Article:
By way of using suitable scattered radiation gratings which, as a rule, are matched to the geometric conditions of the respective x-ray system, in particular the arrangement of the x-ray tube and x-ray detectors, the proportion of scattered radiation which reaches the detector elements can be reduced considerably, so that in many cases, x-ray images which can be evaluated for the first time are therefore obtained.

Scattered radiation gratings are assembled from numerous absorption elements for x-rays which are separated from one another by a filler and carrier material and which are either all aligned in the same direction at right angles to the surface of the scattered radiation grating or aligned with a common focus, the focus of the x-ray tube. Nowadays, in x-ray CT systems, as a rule scattered radiation gratings are still used whose absorption elements are formed of lead slats running approximately parallel to one another, between which paper strips are introduced as filler and carrier material.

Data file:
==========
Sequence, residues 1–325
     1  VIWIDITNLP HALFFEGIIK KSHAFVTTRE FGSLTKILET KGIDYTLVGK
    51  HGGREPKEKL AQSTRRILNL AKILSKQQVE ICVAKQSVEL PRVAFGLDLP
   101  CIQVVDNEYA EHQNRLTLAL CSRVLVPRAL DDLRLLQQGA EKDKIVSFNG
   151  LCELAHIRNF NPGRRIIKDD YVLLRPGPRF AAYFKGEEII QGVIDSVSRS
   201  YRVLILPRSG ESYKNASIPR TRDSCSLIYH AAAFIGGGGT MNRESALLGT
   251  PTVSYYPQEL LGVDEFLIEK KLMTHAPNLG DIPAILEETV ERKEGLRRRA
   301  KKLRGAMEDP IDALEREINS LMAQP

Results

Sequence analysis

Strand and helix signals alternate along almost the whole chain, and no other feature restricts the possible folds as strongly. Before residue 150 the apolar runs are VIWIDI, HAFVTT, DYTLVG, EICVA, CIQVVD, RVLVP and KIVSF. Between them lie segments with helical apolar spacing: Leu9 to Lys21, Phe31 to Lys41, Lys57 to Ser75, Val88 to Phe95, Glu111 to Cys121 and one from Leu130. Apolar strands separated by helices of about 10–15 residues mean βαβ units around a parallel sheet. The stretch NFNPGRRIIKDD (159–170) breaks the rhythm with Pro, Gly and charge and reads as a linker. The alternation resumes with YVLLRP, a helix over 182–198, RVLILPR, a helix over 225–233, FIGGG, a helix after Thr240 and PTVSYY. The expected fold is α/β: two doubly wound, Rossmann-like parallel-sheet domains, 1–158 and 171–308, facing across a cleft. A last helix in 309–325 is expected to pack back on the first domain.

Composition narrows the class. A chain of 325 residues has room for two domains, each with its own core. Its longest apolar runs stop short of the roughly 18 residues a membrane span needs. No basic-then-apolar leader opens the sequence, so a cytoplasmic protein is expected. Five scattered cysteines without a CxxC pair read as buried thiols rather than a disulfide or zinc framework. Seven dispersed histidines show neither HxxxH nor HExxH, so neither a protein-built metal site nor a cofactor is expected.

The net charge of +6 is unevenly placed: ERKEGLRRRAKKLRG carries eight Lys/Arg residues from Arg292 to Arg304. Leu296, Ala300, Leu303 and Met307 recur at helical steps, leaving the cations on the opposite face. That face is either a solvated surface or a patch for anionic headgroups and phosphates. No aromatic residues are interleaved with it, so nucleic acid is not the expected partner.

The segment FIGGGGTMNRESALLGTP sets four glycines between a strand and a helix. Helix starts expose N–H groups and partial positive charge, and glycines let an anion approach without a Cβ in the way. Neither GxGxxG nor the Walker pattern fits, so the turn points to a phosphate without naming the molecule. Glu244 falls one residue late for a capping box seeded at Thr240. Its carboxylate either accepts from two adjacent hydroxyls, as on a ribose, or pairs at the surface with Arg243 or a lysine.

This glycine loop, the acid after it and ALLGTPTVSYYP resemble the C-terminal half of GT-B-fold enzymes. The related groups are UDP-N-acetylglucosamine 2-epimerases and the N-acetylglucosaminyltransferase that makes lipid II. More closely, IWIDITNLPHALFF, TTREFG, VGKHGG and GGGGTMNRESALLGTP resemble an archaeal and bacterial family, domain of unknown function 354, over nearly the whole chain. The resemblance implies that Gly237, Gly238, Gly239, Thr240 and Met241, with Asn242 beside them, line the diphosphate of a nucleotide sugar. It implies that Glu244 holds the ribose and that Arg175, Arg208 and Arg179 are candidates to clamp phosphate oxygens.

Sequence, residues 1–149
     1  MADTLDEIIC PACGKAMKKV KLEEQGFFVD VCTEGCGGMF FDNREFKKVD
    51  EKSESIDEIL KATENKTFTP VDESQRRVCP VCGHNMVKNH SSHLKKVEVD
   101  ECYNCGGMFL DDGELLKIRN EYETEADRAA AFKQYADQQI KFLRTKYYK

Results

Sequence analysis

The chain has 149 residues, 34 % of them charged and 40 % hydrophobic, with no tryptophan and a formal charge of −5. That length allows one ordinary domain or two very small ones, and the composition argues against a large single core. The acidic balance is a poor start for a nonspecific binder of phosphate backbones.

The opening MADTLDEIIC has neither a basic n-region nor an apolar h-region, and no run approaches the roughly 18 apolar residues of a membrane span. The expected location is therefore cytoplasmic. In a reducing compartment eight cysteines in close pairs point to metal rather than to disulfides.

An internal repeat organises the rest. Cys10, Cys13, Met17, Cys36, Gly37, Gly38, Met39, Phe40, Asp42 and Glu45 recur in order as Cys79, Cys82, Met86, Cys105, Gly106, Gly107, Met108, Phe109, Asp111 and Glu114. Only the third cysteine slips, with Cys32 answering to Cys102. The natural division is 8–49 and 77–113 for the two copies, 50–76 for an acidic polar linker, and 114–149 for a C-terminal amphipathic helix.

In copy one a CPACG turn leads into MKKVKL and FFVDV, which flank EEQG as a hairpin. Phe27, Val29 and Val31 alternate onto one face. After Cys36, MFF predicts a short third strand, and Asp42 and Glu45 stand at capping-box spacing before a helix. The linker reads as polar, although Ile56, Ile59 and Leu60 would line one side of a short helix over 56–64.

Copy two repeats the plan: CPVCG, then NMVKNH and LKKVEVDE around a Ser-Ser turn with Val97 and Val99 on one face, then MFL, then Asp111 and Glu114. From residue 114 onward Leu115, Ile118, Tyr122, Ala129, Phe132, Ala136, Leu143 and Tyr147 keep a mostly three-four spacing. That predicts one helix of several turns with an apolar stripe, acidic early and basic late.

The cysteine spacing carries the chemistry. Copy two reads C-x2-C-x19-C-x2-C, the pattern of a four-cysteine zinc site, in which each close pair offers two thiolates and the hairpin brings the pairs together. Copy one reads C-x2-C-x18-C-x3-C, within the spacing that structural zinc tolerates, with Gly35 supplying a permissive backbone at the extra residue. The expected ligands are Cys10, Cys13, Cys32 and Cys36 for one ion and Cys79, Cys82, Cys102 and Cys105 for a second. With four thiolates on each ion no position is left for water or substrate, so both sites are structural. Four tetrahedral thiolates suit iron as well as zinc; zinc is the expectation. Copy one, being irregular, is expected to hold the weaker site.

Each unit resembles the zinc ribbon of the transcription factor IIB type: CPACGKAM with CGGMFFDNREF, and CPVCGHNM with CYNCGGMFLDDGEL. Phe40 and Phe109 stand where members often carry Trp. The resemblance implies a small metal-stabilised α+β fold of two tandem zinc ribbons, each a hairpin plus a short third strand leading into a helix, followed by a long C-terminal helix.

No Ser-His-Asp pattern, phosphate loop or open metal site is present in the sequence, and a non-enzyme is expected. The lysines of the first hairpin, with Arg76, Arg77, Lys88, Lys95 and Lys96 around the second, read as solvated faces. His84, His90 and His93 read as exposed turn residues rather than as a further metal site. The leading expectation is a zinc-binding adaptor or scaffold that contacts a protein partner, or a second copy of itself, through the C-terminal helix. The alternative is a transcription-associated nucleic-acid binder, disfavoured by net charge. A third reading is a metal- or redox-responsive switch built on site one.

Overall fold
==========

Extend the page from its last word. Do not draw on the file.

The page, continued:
In many cases, the spacing of the lead slats is set during the fabrication of the scattered radiation gratings, such that the lead slats lie as accurately as possible over the dividing septa of the detector-side fluorescent material array when the scattered radiation grating is used. The scattered radiation gratings therefore have to be produced mechanically very precisely. As a result of these high requirements on the precision, the fabrication of the scattered radiation gratings gives rise to high costs.

DE 197 26 846 C1 discloses a scattered radiation grating in which the spacing of the absorption elements, which are likewise slat-like here and are aligned parallel to one another, increases continuously from the center of the grating toward the edge. At the same time, the width of the absorption elements is increased toward the edge. By way of this configuration of the scattered radiation grating, it is possible to implement an absorption response which is largely uniform over the entire grating width. However, here, too, there are high requirements on the precision of the fabrication.